Figure 5—figure supplement 1
Identification of a vg CRM active in the DA2 and DA3 muscles.

(A) Schematic representation of the vestigial (vg) transcribed region (https://flybase.org/cgi-bin/gbrowse2/dmel/?Search=1;name=FBgn0003975). GMR fragments tested for their enhancer activity are drawn as brown horizontal bars; GMR69G04 and GMR69G05 are active in DA3 and DA2 muscles. The fragment of overlap between GMR69G04 and GMR69G05, positions 12889557–12891520 on Chr2R, is called vgM1 (B) vgM1-moeGFP expression in the DA2, DA3 and VL1 muscles in wild type embryos at stages 14 and 16 (schematised on the right); higher magnification views show the close apposition of the DA3 ventral and DA2 dorsal sufaces at stage 14 and their tandem arrangement at stage 16. Of note, vgM1 expression seems to be more robust in DA2 than DA3.

Figure 5—figure supplement 2
Interactions between the developing DA2 and DA3 muscles via dynamic protrusions Immunostaining of a stage 15 VgM1-moeGFP-H2bRFP; srGal4 >mcd8 RFP; L-CRM-moeGFP embryo.

Only the GFP channel is shown, in black and white, to highlight protrusions emanating from the DA3 and DA2 muscles which contact each other (white arrows). Similar protrusions are seen between the DA2 and DA1 muscle (open arrows) which expresses VgM1-moeGFP in the thoracic T2 muscle (blue open arrows). The DA3/DA2 and DA2/DA1 muscle-muscle attachments are circled in white at one segment boundary. The observed protrusions are very dynamic as observed in videos and schematised in Figure 5B.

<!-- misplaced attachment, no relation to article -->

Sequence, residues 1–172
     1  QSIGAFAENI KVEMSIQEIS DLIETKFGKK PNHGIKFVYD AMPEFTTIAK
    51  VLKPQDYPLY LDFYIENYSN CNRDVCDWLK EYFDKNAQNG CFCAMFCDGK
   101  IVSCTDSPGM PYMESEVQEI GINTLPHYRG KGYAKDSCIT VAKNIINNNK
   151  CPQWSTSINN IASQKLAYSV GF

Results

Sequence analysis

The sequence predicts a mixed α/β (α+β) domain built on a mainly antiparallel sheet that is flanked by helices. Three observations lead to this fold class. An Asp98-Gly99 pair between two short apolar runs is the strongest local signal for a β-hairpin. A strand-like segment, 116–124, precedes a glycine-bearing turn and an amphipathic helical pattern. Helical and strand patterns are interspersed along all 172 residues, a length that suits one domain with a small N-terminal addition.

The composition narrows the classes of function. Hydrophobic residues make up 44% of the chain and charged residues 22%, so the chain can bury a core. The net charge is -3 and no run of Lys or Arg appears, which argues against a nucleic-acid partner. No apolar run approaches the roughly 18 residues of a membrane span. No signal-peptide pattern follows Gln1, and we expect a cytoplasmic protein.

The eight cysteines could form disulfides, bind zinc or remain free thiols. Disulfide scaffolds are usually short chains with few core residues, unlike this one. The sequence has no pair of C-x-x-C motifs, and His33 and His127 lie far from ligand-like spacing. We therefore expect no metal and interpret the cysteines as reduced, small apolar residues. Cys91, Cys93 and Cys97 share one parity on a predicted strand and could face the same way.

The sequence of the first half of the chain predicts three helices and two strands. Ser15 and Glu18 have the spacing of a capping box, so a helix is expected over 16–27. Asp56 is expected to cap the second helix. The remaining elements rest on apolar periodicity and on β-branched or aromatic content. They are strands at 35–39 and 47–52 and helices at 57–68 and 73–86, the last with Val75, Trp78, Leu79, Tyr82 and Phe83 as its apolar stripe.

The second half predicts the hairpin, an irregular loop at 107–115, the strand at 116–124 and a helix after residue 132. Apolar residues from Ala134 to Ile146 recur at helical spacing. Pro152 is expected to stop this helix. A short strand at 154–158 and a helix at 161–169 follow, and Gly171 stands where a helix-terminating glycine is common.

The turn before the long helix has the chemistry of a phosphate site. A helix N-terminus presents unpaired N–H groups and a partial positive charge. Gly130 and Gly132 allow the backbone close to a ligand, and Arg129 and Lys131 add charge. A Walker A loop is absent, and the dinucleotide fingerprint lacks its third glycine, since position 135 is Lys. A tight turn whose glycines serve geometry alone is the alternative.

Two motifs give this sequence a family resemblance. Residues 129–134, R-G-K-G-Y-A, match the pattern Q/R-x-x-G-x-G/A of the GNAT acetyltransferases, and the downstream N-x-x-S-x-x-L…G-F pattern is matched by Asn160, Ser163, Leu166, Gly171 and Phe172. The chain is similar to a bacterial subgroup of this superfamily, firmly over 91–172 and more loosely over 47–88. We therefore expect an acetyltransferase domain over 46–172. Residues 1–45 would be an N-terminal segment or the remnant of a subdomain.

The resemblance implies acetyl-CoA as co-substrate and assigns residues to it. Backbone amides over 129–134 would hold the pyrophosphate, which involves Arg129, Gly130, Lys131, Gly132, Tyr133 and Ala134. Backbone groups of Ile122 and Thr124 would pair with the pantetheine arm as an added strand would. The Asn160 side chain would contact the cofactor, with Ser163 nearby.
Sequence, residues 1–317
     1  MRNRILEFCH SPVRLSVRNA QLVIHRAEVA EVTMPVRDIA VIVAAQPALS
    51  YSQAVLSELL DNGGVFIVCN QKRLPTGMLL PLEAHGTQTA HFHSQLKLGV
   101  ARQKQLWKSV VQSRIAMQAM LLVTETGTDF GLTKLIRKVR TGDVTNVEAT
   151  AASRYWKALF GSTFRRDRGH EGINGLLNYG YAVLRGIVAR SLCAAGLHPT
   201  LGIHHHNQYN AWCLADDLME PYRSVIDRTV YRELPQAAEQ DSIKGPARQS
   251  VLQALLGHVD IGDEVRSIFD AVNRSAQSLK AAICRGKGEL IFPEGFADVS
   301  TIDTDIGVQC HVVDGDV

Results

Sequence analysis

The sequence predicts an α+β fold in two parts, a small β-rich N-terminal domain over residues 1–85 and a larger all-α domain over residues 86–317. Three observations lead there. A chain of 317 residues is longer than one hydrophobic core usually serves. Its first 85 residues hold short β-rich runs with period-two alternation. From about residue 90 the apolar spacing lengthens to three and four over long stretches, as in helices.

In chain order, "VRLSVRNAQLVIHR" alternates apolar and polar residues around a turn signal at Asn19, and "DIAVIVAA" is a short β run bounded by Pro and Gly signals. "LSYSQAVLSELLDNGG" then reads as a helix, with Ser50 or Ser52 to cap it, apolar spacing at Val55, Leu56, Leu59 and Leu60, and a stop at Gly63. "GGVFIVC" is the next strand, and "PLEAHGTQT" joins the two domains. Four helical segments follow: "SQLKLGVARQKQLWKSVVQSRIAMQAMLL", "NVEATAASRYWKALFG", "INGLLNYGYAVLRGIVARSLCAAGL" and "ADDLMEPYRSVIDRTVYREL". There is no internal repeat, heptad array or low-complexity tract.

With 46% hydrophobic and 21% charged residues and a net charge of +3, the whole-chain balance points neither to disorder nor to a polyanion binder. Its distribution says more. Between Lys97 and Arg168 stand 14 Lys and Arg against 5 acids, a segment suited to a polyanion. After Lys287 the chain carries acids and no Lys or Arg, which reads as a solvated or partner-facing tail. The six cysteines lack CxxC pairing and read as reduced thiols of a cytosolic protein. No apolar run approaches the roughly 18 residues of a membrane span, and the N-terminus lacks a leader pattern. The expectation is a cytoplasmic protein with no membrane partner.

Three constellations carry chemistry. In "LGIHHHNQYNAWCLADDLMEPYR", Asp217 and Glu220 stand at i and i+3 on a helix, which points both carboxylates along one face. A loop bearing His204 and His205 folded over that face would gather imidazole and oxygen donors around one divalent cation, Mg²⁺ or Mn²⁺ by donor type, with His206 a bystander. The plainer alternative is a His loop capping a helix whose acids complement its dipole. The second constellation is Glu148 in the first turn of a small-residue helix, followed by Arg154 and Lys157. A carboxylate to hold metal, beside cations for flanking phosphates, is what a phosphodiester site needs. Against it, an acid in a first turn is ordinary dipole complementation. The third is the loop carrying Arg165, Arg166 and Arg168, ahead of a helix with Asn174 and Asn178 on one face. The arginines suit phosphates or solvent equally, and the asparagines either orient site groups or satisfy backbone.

Figure 6 with 1 supplement
Muscle mismatching in L-CRM mutant larvae.

(A) Mhc-GFP expression in control, colΔL1.3/Df and colΔL0.5/Df live 3rd instar larvae; lateral views, anterior to the left. Examples of DA3, DA3>DA2 and DA3 branched muscles are circled in white. (B) Quantification of the relative proportions of DA3, branched DA3, DA3>DA2 and absence of DA3 muscles in A1 to A7 segments of wt/Df, colΔL1.3/Df and colΔL0.5/Df; Mhc-GFP larvae; (wt/Df, n = 375 segments/27 larvae; colΔL1.3/Df, n = 320/23; colΔL0.5/Df, n = 264/19). (C) Scanning electron microscopy of filleted larvae showing the dorsal and dorso-lateral muscles, schematically colour-coded below. In wt larvae, the DA muscles are parallel to each other within a segment with precise matching of the DA3/DA2 and DA2/DA1 MASs at each posterior segmental border. In colΔL1.3 larvae, DA3>DA2 muscles show homotypic, dorsal MASs and the DA3/LL1 connection is lost. The posterior MASs of branched DA3 is composite.

Figure 6—figure supplement 1
Scanning electron microscopy of wt and col ΔL1.3 internal muscles Larval fillets cut longitudinally along the ventral midline to expose the dorsal and dorso-lateral internal muscles.

The dorsal midline is represented by a yellow dashed line. Upper panels: four abdominal segments of wt and col ΔL1.3 L3 larvae. Lower panels: muscle orientations are schematised by coloured lines, DA1 blue, DA2 yellow, DA3 green, LL1 red and SBM grey. In a wild type larva, the DA1, DA2 and DA3 muscles are oriented parallel and draw a force line over three consecutive segments and straight tension lines between two adjacent segments. In colΔL1.3 larvae, DA3>DA2 and branched DA3 transformations these lines are broken due to the formation of homotypic DA3>DA2 MAS and either loss or reduction of the DA3/LL1 connection.

Figure 7 with 1 supplement
Branched muscles result in specific locomotion defects.